Art and Centralized Power

By Mary Nooter Roberts
University of California, Los Angeles

Democratic Republic of the Congo; Luba artist

Royal stool


H. 37.5 cm (15")

University of Iowa Stanley Museum of Art, The Stanley Collection, X1986.457

The soul of each Luba kingship is literally enshrined in a throne. When a Luba king died, his royal residence was preserved for posterity as a "spirit capital," where his memory was perpetuated through a spirit medium. This site became known as a kitenta (“seat”)—a symbolic seat of remembrance and power, which would continue the king's reign. The king's stool, a concrete symbol of this larger and more metaphysical "seat," expresses the most fundamental precepts of Luba power and dynastic succession. Luba stools were rarely intended for viewing. Swathed in white cloth and guarded fastidiously by an appointed official, stools were brought out only on rare occasions. Their purpose was to serve as receptacles for the king's spirit, rather than as functional objects in themselves. The rarity of their viewing accords with the idea that many insignia were not intended primarily for human eyes, but the spirit world.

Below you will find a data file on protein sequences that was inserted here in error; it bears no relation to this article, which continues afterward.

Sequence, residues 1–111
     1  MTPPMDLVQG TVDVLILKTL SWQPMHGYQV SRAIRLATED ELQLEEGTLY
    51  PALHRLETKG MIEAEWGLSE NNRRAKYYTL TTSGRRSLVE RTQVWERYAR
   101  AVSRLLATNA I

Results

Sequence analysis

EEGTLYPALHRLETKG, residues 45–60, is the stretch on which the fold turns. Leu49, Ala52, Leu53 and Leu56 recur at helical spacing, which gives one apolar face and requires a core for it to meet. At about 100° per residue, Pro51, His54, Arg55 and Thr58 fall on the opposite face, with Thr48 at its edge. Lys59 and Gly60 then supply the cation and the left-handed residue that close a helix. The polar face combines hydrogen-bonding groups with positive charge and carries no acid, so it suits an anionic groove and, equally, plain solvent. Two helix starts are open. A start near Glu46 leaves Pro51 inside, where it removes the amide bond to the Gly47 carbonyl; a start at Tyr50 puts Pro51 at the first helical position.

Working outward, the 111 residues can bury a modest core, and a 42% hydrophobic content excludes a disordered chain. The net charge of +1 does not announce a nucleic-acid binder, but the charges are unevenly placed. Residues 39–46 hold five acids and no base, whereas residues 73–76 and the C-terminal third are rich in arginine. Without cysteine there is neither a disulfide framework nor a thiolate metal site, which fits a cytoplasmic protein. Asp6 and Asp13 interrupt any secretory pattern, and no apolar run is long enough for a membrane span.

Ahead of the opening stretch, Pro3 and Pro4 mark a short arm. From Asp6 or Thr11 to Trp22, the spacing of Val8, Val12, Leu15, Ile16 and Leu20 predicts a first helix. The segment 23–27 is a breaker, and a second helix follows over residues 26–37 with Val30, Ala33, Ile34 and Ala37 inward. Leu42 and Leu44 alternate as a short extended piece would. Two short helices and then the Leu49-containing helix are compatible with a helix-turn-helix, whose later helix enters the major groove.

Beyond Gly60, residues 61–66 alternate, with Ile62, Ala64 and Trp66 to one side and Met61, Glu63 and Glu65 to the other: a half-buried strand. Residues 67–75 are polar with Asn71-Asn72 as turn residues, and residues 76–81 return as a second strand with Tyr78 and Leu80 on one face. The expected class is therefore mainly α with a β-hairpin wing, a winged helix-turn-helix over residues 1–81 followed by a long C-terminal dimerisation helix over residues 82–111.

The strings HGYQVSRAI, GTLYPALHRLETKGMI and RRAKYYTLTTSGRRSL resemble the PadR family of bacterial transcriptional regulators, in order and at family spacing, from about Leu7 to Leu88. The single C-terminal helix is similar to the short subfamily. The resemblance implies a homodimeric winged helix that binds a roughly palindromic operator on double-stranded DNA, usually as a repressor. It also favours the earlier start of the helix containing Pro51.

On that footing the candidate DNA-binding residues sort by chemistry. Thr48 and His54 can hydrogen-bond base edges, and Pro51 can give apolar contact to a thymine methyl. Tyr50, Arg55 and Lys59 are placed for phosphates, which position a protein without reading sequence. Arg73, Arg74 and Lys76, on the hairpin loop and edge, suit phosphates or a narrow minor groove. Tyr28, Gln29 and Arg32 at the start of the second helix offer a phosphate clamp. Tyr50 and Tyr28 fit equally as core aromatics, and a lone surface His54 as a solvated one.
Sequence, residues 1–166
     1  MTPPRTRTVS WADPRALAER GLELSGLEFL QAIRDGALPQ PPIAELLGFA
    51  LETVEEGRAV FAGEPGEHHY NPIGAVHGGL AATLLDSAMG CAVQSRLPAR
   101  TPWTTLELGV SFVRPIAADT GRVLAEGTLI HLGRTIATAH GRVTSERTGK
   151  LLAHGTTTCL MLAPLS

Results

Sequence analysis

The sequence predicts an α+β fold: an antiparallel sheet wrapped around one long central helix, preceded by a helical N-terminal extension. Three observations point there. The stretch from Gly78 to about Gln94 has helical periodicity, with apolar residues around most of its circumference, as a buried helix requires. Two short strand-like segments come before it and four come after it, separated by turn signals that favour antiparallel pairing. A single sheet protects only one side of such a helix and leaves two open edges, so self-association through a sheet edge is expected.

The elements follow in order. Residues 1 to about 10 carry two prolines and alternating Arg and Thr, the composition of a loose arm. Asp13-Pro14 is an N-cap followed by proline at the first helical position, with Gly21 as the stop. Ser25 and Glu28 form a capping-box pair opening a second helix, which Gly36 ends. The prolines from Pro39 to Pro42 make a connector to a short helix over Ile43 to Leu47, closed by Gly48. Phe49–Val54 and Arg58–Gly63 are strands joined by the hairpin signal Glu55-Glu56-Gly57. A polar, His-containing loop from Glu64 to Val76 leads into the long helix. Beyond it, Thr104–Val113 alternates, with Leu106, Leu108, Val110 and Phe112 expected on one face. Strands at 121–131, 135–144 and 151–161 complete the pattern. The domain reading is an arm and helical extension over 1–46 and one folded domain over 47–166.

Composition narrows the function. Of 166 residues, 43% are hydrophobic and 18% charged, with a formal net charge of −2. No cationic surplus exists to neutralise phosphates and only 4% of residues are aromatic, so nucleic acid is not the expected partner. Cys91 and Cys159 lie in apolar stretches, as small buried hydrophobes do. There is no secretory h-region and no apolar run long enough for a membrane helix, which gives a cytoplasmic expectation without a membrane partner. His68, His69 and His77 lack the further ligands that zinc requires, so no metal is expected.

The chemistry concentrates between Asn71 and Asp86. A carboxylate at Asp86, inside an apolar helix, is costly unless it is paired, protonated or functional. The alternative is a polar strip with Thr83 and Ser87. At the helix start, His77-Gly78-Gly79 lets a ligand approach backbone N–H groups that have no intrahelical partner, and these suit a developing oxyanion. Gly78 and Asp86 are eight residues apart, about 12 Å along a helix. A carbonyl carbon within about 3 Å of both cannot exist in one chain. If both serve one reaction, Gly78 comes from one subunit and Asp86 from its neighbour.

Luba chief with a throne, Katanga Province, Democratic Republic of the Congo, 1989. Photo by Mary Nooter Roberts.